2013 Little White Salmon Race Recap


Adam ElliotThe 2013 Little White Salmon Race lived up to its hype as one of the wildest and wooliest whitewater competitions on the planet. Team NRS’s Adam Mills Elliot brings you this recap.


Anticipation for this year’s Little White Salmon Race hung over the Columbia Gorge kayak community like a bad cold running rampant through a middle school. Organizers and racers shared it and passed it on to each other, and this passion and drive was fueled, fed, and nourished, by “hot laps” in the dead of winter and precision GoPro video analysis of micro eddies at Spirit Falls and fast lines through the Enchanted Forest.

©Adam Mills Elliott
©Adam Mills Elliott

The downriver course drops 525 feet in the 2.25 mile course – 233 ft./mi., (or, for most of the world: 160 m descent / 3.6 km course = 44 m/km). For the past 3 years, this has been the most challenging whitewater race in the United States. 10 seconds… 5, 4, 3, 2, 1, GO! Getting Busy – Boulder Sluice – Toaster Slot – Island – Sacriledge – Double Drop – (damn! what’s next?) Enchanted Forest, S-turn (all these bloody drops!), Back-ender, Bowie’s, and, finally, Wishbone Falls. Time stops when the boat hits the pool at the bottom.

This is the core event of the Little White Race. For the love of the river, a salute to the soul boater, and a celebration of an intimacy with a river only the dedicated are lucky enough to experience. What does that feel like? Out of breath, plunging into the finish line at Wishbone, and emerging into an amphitheater of rock walls and green moss, surrounded by a core group of the kayaking family celebrating your finish… this is the LW race.

Rush Sturges flying off Spirit Falls. ©Sam Drevo
Rush Sturges flying off Spirit Falls. ©Sam Drevo

But just to spice things up a bit, and to take advantage of all the amenities provided by the mother nature, the race added a new event incorporating the most notorious drop on the river: Spirit Falls. The slalom event started in a small eddy above the lip of Spirit, a fast 30-footer straight into massive boils, with a two pesky downstream gates set in the landing zone.

The course incorporated two infamous moves in the rapid below Spirit: The “Hyphy Eddy” right into “Chaos.” This is precision boating at its finest, with the moves so close to one another that the stern of your kayak flirts with Chaos as you tuck in tight under the upstream gate planted in the Hyphy Eddy. Many racers had never made this move until race day, but with good safety set up at the bottom, the time was perfect to raise the level of commitment one more notch.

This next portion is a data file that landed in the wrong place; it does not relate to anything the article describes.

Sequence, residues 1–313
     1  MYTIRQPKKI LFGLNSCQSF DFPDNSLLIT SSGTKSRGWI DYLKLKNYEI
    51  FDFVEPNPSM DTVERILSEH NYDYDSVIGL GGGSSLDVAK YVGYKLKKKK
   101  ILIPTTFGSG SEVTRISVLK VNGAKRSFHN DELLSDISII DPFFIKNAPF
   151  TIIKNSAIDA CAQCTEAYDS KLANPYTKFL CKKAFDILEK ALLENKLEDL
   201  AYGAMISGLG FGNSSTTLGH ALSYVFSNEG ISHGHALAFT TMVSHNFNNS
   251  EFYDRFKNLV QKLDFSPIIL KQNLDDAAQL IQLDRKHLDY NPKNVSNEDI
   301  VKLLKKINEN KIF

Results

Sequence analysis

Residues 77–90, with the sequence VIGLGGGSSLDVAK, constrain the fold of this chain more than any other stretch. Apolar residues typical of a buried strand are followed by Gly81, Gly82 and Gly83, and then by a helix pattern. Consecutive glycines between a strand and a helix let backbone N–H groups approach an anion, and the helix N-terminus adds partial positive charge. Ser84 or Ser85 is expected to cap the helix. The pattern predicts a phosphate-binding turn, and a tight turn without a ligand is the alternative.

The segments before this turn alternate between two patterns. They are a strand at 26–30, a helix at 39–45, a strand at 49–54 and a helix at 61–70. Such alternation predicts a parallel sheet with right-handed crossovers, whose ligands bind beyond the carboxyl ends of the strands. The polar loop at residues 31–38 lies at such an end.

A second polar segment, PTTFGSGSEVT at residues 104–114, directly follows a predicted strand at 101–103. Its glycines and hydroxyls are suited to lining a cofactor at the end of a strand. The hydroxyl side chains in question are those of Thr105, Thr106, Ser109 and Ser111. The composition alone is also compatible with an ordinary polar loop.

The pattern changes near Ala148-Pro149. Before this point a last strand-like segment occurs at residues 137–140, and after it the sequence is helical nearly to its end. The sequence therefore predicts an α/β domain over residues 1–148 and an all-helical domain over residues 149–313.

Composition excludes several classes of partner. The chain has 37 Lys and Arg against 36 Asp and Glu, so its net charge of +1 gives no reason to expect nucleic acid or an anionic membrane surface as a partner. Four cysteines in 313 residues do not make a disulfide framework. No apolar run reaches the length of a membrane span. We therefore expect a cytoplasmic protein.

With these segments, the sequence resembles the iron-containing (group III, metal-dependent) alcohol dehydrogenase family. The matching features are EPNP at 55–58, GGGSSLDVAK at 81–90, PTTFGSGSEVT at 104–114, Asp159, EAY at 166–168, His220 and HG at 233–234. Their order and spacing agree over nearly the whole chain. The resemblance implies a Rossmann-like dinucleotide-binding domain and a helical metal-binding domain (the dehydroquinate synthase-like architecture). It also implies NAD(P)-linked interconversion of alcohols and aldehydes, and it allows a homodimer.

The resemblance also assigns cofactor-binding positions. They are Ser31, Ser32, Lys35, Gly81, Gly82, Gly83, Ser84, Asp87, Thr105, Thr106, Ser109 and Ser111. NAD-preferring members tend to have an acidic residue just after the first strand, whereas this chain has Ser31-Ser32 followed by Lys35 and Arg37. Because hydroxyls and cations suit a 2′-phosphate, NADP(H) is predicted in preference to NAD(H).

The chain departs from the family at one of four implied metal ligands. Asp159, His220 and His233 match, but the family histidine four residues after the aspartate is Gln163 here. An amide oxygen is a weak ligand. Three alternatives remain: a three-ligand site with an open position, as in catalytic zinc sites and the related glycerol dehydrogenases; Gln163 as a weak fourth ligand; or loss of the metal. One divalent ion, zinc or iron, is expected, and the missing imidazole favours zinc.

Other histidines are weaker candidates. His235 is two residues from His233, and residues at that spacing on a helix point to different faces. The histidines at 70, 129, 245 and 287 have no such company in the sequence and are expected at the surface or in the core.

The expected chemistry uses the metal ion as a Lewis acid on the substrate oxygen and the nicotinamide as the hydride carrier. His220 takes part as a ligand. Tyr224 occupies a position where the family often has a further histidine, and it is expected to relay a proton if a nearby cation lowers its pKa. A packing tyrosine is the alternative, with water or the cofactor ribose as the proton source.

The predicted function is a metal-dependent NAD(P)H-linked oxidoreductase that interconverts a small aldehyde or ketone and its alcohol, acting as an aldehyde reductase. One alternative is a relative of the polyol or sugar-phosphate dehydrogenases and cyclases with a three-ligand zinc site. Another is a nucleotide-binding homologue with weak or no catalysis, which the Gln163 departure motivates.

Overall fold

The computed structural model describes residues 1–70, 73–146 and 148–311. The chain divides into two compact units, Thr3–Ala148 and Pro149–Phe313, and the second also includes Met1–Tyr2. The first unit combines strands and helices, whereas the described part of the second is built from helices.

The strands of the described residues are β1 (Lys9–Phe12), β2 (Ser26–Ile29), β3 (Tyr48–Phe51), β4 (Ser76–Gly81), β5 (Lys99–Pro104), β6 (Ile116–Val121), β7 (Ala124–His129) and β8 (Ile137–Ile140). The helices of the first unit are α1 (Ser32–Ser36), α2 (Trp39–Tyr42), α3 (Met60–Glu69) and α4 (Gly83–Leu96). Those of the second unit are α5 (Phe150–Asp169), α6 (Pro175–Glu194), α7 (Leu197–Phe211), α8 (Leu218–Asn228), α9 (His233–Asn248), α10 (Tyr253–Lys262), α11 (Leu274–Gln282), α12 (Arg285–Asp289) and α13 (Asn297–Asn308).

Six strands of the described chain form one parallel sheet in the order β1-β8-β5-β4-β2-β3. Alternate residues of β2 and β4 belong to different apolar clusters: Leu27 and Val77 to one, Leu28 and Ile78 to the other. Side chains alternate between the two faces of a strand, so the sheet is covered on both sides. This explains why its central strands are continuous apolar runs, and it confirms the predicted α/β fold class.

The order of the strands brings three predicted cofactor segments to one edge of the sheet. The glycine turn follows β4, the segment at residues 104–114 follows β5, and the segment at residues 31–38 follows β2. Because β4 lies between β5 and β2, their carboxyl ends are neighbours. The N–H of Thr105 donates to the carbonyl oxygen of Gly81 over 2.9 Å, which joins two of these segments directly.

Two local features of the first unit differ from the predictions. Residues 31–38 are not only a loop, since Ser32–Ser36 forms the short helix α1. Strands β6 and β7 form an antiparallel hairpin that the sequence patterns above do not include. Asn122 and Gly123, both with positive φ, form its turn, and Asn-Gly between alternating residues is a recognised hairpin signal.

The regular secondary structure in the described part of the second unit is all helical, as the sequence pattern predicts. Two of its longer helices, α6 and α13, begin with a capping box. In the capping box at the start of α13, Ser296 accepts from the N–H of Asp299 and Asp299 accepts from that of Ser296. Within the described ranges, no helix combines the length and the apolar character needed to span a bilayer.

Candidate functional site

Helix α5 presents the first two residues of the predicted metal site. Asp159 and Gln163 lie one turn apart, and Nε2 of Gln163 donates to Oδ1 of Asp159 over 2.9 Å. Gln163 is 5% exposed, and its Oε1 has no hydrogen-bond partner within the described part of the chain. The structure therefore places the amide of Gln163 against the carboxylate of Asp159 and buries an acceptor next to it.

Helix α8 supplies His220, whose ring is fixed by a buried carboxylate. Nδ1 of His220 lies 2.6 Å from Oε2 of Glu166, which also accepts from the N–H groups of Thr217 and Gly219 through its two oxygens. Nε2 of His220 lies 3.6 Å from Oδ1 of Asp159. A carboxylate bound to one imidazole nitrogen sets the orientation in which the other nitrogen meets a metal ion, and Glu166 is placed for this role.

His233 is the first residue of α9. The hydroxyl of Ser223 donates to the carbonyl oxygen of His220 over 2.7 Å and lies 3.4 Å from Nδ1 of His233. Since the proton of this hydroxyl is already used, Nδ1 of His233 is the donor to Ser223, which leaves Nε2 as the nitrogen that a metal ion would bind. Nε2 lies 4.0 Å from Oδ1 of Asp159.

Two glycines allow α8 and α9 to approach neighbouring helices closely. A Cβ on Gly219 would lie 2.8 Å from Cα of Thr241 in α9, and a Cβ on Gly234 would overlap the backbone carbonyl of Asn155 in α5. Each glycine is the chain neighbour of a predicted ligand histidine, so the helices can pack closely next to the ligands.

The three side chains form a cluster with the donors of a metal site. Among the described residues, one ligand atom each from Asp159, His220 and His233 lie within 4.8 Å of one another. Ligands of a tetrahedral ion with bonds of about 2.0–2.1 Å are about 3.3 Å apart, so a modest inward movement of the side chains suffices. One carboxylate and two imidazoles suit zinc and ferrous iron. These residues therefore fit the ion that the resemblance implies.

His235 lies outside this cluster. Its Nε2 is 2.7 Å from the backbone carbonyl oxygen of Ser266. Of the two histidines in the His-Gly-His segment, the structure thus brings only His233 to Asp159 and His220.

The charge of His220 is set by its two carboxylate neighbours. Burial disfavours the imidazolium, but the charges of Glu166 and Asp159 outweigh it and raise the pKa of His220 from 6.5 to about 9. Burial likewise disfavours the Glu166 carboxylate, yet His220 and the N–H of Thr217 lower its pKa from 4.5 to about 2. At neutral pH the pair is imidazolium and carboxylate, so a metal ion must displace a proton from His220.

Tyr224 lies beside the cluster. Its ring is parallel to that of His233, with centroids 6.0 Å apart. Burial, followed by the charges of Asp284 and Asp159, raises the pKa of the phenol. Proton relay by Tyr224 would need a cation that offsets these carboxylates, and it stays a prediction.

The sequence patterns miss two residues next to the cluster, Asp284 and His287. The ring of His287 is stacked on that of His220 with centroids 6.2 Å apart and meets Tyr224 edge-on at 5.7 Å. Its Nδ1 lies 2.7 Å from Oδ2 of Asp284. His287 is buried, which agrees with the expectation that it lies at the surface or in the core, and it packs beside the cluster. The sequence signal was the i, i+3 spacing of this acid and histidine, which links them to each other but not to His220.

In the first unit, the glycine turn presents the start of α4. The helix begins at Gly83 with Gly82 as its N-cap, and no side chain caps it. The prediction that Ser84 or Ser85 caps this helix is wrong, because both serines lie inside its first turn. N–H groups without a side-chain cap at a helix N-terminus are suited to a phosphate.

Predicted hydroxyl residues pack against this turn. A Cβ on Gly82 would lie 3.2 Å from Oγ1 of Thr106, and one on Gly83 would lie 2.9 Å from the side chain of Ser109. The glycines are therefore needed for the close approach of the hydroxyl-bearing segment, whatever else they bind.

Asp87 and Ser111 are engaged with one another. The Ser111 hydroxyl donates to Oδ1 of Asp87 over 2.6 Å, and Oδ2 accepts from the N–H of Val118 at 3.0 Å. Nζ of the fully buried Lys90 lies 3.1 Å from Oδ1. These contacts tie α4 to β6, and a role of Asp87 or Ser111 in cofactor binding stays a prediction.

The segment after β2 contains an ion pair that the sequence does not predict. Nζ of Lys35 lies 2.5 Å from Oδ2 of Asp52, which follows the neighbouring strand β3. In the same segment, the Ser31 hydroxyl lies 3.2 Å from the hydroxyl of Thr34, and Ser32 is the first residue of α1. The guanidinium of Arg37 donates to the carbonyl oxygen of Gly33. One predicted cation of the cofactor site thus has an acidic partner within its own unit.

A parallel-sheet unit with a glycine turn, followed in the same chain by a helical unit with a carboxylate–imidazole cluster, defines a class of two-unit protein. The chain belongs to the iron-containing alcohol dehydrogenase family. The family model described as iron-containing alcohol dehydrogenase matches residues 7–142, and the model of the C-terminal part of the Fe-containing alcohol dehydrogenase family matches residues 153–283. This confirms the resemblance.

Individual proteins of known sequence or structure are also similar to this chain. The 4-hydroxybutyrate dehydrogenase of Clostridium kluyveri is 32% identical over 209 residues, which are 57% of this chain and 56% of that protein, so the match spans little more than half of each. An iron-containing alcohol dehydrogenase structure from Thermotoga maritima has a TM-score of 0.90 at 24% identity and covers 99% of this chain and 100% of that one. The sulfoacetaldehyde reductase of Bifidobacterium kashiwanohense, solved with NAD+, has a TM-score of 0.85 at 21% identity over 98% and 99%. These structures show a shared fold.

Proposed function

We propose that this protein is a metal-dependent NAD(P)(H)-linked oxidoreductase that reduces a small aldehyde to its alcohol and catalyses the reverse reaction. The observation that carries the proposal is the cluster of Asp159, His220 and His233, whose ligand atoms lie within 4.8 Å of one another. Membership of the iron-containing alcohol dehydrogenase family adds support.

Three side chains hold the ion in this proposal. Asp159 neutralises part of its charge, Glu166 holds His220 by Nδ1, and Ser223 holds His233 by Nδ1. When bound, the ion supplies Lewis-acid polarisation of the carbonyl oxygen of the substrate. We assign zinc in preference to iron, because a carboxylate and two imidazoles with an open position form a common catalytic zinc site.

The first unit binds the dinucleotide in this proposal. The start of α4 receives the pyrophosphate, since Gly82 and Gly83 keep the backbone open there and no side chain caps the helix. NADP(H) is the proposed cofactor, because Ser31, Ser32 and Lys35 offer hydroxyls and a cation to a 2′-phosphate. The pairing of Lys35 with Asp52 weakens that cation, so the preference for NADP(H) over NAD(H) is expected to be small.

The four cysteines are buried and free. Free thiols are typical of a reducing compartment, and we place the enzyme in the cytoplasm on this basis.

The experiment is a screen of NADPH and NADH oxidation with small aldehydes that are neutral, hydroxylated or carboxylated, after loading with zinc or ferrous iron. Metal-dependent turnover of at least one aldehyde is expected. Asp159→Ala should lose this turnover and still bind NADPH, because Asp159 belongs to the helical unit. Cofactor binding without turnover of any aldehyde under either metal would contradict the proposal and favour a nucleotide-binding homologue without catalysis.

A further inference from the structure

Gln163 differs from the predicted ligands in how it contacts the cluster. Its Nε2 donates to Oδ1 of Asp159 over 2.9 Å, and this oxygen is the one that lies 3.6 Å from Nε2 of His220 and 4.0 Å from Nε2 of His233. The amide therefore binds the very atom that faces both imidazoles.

Live-bait boat retrieval from the guts of Chaos. ©Sam Drevo
Live-bait boat retrieval from the guts of Chaos. ©Sam Drevo

We saw swims, broken paddles, a few “live bait” roll assists and gear retrievals. We saw lots of cheering and jeering; people gawking and squawking. People and gear stuffed into four full-size vans and trailers provided by World Class Academy. The awards ceremony saw a lively crowd of cheering and support as one by one the winners were announced.

As Capo Rettig underscored in the pre-race meeting, “This is a celebration of the river and of our community of boaters.” This grassroots event has been getting bigger and bigger every year. As the second event in the AWP World Series, The LW race draws big-name paddlers from around the world along with a core group of Northwest locals. At its heart, it will always be a tight-knit group of friends coming together to paddle one of the most amazing rivers on the planet.

The competitors' meeting on the Columbia River. BBQ, hats and shirts, lots of information regarding the race, and a beautiful sunset. ©Adam Mills Elliott The competitors' meeting on the Columbia River. BBQ, hats and shirts, lots of information regarding the race, and a beautiful sunset. ©Adam Mills Elliott
The competitors’ meeting on the Columbia River. BBQ, hats and shirts, lots of information regarding the race, and a beautiful sunset. ©Adam Mills Elliott

The day finished up with a gourmet whole-pig open-flame roast, courtesy of Big Man’s Rottisserie, and a lively awards ceremony at Springhouse Cellar in Hood River.

Stay tuned for the highlights video, currently in the editing studio!

A big thanks to event sponsors World Class Academy and NRS, as well as the additional support from the Kayak Shed, Columbia Gorge Kayak School, Cascadia Adventure School, and Big Man’s Rotisserie.

For complete results go to http://littlewhitesalmonrace.com/wp/results/

Here are the top finishers:

Men’s Single Down River
1. Evan Garcia 15 min 2 sec
2. Gerd Serrassolses 15 min 11 sec
3. Louis Geltman 15 min 12 sec
4. Todd Wells 15 min 25 sec
5. Darren Albright 15 min 50 sec

Women’s Single Down River
1. Katrina Van Wijk 17 min 3 sec
2. Sandra Hyslop 17 min 21 sec
3. Nouria Newman 17 min 21 sec

Team Race Down River
1. Michael “Miguel Shields” / Nice Yalan 17 min
2. Orion Meredith and Niko Peha 17 min 7 sec
3. Chris Leach and Matt King 17 min 52 sec
4. Kim Becker and Dave Hoffman 18 min 1 sec
5. Dylan McKinney and Clay Lucas 18 min 8 sec

Men’s Slalom
1. Evan Garcia 50.59
2. Galen Volckhausen 50.86
3. Kyle Hull 54.22
4. Erik Johnson 56.64
5. Rush Sturges 57.21

Women’s Slalom
1. Katrina Van Wijk 1.31.60
2. Nouria Newman 2.54.77
3. Sandra Hyslop 2.56.04